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    $\begingroup$ @MarkusvonBroady: go back to bed... :D $\endgroup$
    – Chris
    Feb 11 at 10:23

1 Answer 1


Your "Compare" node evaluates to $1$:

It does so because it's connected to two "Domain size" nodes, comparing its own number of vertices to the target object. Since they match at the beginning, and there's no node that would change the number of verts, it will always be $1$, and so it can be replaced with the "Value" node, and the dead ends (Domain sizes) removed.

The scalar value $1$ converts to a vector by triplicating as $<1, 1, 1>$, and passing that as a 2nd input to the Vector Math: Multiply effectively makes it a no-op, so it can be removed (⎇ Alt-dragged):

The "Factor" input of the geonodes modifier is set to to $1.0$. I changed it and then discovered the mentioned behavior of stacked modifiers acting as a single modifier (every next modifier changing nothing) disappeared. Therefore I'll assume it is set to 1. Like with the Vector Math: Multiply, here passing the $1$ as a scale of Vector Math: Scale also makes it a no-op. So this too can be removed. We're left with:

Set Position, for each point, evaluates the vector field connected to "Offset". It reads the position of the vertex with same index from the target geometry. Then it subtracts the position of currently evaluated vertex. This becomes the offset. Let me present this in 1D:

$a$ is the currently evaluated object, $b$ is the target object. $b-a$ is what you do, and you get the offset from $a$ to $b$. If you now apply this offset on $a$, it moves to $b$. Now $a = b$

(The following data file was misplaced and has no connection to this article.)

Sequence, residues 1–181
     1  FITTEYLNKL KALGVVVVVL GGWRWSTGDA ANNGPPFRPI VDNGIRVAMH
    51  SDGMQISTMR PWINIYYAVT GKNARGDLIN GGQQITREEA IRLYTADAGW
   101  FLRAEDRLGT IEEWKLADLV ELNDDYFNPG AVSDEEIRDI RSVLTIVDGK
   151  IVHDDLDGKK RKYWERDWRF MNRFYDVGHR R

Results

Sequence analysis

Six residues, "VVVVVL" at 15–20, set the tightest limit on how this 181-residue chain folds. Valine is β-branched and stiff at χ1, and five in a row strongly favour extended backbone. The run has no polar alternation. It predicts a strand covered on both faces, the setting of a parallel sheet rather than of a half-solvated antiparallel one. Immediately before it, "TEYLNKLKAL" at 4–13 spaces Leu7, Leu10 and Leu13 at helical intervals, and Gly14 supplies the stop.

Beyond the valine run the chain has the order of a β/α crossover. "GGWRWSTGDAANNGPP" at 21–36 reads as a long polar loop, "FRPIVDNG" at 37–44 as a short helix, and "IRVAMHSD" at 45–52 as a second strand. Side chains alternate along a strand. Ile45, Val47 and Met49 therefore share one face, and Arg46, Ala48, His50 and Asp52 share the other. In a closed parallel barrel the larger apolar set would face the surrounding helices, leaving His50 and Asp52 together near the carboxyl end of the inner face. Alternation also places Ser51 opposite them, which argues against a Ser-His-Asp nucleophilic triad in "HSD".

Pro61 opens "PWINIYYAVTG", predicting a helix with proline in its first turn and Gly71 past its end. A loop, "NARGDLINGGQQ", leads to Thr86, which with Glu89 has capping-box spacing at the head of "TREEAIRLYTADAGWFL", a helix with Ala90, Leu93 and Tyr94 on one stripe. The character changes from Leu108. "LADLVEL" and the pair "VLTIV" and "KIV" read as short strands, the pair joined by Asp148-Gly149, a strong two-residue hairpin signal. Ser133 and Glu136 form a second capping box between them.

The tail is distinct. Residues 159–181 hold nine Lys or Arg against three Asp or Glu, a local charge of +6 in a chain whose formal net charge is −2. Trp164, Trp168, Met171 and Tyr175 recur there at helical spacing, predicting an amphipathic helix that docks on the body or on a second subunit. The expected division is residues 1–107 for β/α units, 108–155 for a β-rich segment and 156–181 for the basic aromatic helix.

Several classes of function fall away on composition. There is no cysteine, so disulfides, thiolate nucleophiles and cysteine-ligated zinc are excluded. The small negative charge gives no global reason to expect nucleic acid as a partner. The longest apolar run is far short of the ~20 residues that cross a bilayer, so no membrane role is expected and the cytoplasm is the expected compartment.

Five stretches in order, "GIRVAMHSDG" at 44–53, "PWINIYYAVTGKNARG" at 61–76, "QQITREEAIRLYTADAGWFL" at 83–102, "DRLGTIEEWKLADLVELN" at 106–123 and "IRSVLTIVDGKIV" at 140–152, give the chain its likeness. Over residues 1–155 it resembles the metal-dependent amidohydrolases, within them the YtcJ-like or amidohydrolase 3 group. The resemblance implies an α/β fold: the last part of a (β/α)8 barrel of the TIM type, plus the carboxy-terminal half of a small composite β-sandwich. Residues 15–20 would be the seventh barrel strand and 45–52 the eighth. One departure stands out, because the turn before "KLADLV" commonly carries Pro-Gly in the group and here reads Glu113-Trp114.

On 2nd iteration, since $a = b$, the offset is 0. So No movement happens. And since no movement happens, the situation doesn't change on the 3rd iteration and so on.

  • $\begingroup$ Thanks for the thorough answer! So all the stuff you removed is neccessary to my specific needs. For example, I only want to geometry node to do anything if the target object has the same number of vertices as the evaluated object. Also, the target object of the 2nd geometry node modifier is different to that of the 1st geometry node modifier. How is it possible that the offset is zero on the 2nd geometry node modifier when that modifier has a different target with different geometry? I'd be more elaborate (and polite), but I'm running out of characters! $\endgroup$ Feb 11 at 20:43
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    $\begingroup$ @SpringE.Thing maybe ask a different question: what you actually want to do. It's hard to answer your question as currently posed: "Node Tree Ignores Its Own Output If Repeated?" - The answer is "No. It doesn't". $\endgroup$ Feb 11 at 21:49
  • $\begingroup$ Fair enough, the quesiton has evolved beyond what it used to be. I'll leave this as-is and start a new one sometime soon. TY all the same! $\endgroup$ Feb 11 at 22:34